Hematopathology Case Study: A 76 Year Old Man with Lymphadenopathy

Case History

76 year old man with a history of chronic lymphocytic leukemia/small lymphocytic lymphoma (CLL/SLL) with new anterior mediastinal mass and increasing lymphadenopathy.

Lymph Node Biopsy

H&E

Diagnosis

Tissue sections show a diffuse atypical lymphoid infiltrate that completely effaces the normal nodal architecture. The infiltrate is composed of numerous small lymphocytes with round to mildly irregular nuclei, clumped chromatin, inconspicuous nucleoli and scant cytoplasm. There are also expanded pale areas that contain intermediate sized cells with more open chromatin and distinct single to multiple nucleoli. These cells are most consistent with prolymphocytes/paraimmunoblasts and form the proliferation centers characteristic of CLL/SLL. Occasional centroblastic-type B-cells are noted within these proliferation centers. In addition, there are scattered single to multinucleated cells that have irregular nuclear membranes with pale, vesicular chromatin and prominent inclusion-like, eosinophilic nucleoli. These cells morphologically resemble Hodgkin cells, Reed-Sternberg cells, mummified forms and other variants. These large cells are more evident in areas with a histiocyte rich background and around foci of necrosis. Occasionally, apoptotic bodies and mitotic figures are seen.

 Immunohistochemical studies show that the vast majority of the small-intermediate lymphocytes express B-cell markers CD20 (dim) and PAX5 and co-express CD5 and CD23 (subset). This is consistent with a background of CLL/SLL. The large atypical cells are positive for CD30, PAX5 and CD20 (variable). CD3 highlights numerous scattered background small T-cells, which are increased in the areas with the large cells. In situ hybridization for Epstein Barr viral RNA (EBER ISH) is mainly staining the large atypical cells. By Ki-67, the proliferation fraction is overall increased (40%) with increased uptake by the large atypical cells.

The morphologic and immunophenotypic findings are consistent with involvement by the patient’s known small lymphocytic lymphoma/chronic lymphocytic leukemia (SLL/CLL) with aggressive morphological features. The aggressive features include expanded proliferation centers and an elevated Ki-67 proliferative index (40%). Additionally there are histiocyte/T-cell rich areas composed of multiple EBV positive large atypical cells with morphologic and immunophenotypic features compatible with Hodgkin/ Reed-Sternberg cells. These areas are most in keeping with evolving classic Hodgkin lymphoma. Sheets of large cells indicative of large cell transformation are not seen, although increased scattered large centroblastic-type B cells are present.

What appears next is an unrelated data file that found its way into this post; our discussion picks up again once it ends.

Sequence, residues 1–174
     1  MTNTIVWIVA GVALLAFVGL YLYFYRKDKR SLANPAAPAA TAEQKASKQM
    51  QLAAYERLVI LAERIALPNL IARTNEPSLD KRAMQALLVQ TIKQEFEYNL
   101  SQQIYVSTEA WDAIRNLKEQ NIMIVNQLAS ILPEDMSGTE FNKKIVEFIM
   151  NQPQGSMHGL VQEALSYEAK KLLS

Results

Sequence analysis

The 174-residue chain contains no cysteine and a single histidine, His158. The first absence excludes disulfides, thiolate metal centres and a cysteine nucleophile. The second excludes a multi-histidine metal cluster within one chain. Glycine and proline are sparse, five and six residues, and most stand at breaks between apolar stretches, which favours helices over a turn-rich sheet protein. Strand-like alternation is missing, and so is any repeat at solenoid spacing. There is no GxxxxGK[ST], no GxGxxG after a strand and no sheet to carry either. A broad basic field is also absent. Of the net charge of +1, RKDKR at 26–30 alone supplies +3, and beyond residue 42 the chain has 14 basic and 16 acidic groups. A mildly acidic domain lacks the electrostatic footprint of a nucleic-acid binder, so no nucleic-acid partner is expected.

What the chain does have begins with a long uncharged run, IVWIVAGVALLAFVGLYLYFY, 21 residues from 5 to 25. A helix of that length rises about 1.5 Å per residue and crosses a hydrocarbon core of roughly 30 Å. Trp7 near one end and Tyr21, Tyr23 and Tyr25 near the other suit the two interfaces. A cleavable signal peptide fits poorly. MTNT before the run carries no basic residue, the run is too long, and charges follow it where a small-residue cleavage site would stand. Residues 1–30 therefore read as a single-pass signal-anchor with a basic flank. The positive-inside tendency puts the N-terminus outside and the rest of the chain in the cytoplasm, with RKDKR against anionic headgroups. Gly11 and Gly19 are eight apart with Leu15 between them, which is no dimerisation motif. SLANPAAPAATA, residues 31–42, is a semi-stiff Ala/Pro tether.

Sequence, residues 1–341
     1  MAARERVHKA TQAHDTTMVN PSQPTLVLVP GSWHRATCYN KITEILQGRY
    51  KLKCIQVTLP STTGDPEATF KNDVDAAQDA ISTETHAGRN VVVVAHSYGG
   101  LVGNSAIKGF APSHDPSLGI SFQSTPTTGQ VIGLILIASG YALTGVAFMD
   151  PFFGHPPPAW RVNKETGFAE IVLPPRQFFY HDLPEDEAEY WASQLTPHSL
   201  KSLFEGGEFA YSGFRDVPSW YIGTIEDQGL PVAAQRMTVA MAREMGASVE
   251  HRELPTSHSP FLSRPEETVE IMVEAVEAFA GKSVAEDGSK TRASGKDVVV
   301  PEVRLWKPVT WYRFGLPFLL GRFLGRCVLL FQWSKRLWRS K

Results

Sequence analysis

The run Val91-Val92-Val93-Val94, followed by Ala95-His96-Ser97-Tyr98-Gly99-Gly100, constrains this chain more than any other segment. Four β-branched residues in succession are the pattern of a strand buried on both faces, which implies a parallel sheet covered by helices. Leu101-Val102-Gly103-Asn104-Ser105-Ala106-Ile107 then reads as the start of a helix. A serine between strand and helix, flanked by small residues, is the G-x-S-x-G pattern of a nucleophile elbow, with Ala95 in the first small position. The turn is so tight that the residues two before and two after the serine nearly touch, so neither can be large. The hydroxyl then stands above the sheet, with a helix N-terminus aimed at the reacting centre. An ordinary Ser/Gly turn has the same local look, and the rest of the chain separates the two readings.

Discussion

Lymph node involvement by CLL/SLL will typically show a diffuse proliferation of small lymphocytes with effacement of the normal nodal architecture.  The small lymphocytes have round nuclei, clumped chromatin and scant cytoplasm. Scattered paler areas known as proliferation centers are characteristic of this entity. The proliferation centers are composed of a mixture of cell types including small lymphocytes, prolymphocytes and paraimmunoblasts. Prolymphocytes are small to medium in size with relatively clumped chromatin, whereas paraimmunoblasts are larger cells with round to oval nuclei, dispersed chromatin, eosinophilic nucleoli and slightly basophilic cytoplasm. Some cases show increased and enlarged proliferation centers with a higher proliferation rate. This must be distinguished from large cell transformation.1